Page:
If You’re in Korea During the Fall, You Must Visit Seoul’s Lantern Festival

We had spent a long day finishing our hike along Seoul City Wall. Beforehand, we had walked through Namdaemun and seen some delicious hotteok being served up. Danny thought this sounded like a great idea after our hike, but we wanted to keep walking. “Let’s walk along the Cheonggyecheon.” We weren’t alone, but we were in for a surprise. We didn’t realize that a lantern festival had lit up the quiet stream into something beautiful.

Lantern festival flier for 2016

What We Saw at the Lantern Festival

Every November, this public space is lit up by a beautiful lantern festival. As we walked, we were greeted by a gigantic paper lantern in the shape of a Gundam, which is not something you expect to see every day. The pedestrian traffic was heavy, so they attempted to alleviate the problem by directing where people walked. We had an easy viewing of the lanterns that lit up this stream, and it was magical as the sun set and the river glowed brighter.

[A little tidbit about the river itself: 청계천 stream was a poorly neglected place, left to wallow in the shadow of an underpass until its restoration by the city in 2005; it was a grand project that cost over USD 281 million. The beautification led to increased property and cultural value to the area surrounding and became quite popular with the locals as a place to escape the city. Furthermore, it has helped facilitate the return of wildlife and the reduction of urban heat. Nowadays, it hosts a bevy of fountains, pretty bridges, and the festival of lights, which has now run for three years.]

The theme this year was “The Daily Lives of the People,” past to present, and we saw that through lanterns dedicated to cartoon personas, companies, culture, and history all the way back to the hunter-gatherers who first came to the Korean peninsula over 2 millennia ago.

The artwork at the lantern festival was exquisite, too; we saw lantern after lantern, colorful in design, and some even moved. For instance, a peacock would lift its tail and spread apart its feathers every few seconds. At a certain point, you had to pass under a bridge that was covered in globe lanterns. Therein, many people congregated to purchase souvenirs and create their own wish lanterns that they could then float down the stream. It was relaxing to watch the little lights bob down the stream one after another.

Making Wishes and Our Favorite Lanterns

At the end of the walk, there was a spot where you could stand to toss ₩100 coins into the water for good luck. Though Danny failed, I, luckily, managed to land mine into the small fountain. At least my wishes will come true. Too bad Danny! :-0

But what were our favorite lanterns? Seoul’s Lantern Festival 2016 definitely had some amazing constructions to show off, but my favorites were incredibly colorful. They also displayed either a sense of power or energy and movement. Here they are below. Which one do you like better?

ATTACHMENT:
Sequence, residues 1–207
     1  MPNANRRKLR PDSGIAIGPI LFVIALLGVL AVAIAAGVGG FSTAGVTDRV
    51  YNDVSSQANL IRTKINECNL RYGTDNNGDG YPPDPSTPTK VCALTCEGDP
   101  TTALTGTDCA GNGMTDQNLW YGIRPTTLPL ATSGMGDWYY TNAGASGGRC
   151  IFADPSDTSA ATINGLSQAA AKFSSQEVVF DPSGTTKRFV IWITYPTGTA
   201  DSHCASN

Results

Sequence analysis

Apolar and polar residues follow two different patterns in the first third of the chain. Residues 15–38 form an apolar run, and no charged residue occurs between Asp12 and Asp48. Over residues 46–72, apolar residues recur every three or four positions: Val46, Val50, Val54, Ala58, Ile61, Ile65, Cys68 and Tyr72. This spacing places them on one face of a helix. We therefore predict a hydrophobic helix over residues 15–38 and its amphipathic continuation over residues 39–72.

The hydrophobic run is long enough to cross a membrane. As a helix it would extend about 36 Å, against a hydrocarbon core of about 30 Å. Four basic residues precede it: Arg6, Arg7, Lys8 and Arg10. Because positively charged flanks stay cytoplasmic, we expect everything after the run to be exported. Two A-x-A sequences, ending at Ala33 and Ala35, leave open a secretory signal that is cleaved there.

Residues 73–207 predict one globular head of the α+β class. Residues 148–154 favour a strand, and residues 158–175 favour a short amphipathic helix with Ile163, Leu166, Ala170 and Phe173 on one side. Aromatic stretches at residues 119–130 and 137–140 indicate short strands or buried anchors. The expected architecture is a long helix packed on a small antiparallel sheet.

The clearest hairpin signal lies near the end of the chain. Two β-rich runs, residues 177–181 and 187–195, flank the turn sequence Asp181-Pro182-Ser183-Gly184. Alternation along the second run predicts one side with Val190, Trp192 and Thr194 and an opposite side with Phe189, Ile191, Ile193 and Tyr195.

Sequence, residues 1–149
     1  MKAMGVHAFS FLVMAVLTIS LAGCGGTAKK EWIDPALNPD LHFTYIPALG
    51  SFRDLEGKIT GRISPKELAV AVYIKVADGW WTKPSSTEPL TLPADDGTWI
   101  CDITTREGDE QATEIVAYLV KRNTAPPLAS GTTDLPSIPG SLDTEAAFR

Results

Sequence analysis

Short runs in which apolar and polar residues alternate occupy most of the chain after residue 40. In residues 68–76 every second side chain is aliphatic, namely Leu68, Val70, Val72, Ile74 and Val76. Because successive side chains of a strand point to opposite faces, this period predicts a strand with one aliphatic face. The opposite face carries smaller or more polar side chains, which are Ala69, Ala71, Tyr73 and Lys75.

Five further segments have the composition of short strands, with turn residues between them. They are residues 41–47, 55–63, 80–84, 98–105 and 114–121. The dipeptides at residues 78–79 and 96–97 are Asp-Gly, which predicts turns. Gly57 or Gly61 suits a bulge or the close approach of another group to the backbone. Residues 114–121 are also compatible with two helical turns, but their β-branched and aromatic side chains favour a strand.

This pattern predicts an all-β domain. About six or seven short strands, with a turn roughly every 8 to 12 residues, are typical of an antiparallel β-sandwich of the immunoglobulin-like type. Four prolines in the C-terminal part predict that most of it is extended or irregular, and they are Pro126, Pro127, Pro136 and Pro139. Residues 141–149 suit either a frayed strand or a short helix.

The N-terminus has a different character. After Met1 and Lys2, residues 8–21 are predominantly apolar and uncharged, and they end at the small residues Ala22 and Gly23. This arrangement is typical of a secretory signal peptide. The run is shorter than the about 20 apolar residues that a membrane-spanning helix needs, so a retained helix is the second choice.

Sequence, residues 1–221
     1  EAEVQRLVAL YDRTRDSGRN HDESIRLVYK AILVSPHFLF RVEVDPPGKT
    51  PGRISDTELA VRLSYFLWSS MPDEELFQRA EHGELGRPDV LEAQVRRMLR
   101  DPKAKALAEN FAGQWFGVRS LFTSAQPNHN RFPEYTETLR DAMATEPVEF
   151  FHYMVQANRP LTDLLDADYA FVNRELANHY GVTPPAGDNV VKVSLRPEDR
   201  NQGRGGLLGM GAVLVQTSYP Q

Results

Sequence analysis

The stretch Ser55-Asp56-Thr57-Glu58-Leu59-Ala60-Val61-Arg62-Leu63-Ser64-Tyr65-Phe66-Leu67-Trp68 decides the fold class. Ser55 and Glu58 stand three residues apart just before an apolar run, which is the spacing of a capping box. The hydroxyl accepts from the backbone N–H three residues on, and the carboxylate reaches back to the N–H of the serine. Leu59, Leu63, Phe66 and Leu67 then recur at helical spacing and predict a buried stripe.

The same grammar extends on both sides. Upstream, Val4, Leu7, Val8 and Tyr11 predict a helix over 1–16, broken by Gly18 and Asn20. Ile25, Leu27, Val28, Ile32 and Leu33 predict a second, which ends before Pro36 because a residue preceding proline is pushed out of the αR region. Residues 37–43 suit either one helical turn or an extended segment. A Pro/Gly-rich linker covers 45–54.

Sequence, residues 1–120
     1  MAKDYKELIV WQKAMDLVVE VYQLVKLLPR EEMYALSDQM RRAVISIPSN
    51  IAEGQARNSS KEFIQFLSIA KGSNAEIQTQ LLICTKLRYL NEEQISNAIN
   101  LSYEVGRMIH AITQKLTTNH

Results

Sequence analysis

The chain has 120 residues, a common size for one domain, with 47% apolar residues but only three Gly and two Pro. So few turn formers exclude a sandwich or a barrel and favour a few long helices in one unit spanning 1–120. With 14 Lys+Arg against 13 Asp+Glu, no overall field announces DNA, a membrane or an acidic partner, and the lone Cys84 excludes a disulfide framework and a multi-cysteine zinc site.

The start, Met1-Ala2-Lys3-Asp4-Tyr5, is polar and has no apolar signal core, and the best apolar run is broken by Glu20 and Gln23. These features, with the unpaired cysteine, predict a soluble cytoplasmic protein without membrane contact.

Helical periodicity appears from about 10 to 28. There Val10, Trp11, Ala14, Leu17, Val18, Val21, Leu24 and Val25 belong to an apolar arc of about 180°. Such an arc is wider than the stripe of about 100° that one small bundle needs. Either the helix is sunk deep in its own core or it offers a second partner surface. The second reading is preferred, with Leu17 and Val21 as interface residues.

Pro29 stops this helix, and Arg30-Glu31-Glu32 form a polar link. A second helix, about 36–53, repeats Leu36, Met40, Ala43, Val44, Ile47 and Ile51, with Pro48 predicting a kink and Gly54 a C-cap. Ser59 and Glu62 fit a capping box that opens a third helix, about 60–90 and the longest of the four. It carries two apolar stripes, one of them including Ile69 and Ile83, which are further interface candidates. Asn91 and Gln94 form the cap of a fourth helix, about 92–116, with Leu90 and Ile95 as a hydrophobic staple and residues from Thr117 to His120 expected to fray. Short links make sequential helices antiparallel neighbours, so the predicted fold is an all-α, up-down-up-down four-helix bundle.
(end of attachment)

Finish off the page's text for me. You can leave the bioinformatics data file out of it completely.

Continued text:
Maybe One Caveat in this Cute, Clean Bear?

I have one piece of social commentary, however. Take a look at this innocuous bear below and read my caption.

Clean Bear lantern at festival
This little guy is called “Clean Bear” and he looks pretty cute. But if you read his description, it goes from cute to concerning.  “Clean Bear was made to promote the creation of healthy media and the expansion of wholesome content culture. The snow-white polar bear runs the comb through media content to make sure they are clean and appropriate for consumption.” Now, if this was entirely for children’s programming, I could totally understand that, but what you have to know about South Korea is that areas of the Internet are censored and blocked from access by the government because they promote “unwholesome” content. Who decides what that is? What it means? Sadly, many Koreans don’t even know about this filtering that takes place, and I have to wonder how “free” a democracy is that blocks people from information that it disagrees with. And this “cartoonization” of the very concept just rankles the English teacher inside of me, always asking students to question why things are the way they are.

That being said, we were pretty happy to have found the lantern festival that we were planning to attend later this month, so accidentally. It was a nice 60 degrees out, the lights sparkled, and we enjoyed the bustle and activity (even when people ambled in front of us). It always seems like Seoul has something going on, another festival to attend. That’s part of what makes living here so exciting.

What About You?

Lantern festivals exist all over Asia; have you ever been to one, and if so, which festival was your favorite? What designs did you like? Also, please comment on the designs seen in this blog. Which were your favorite here? Tell me below!


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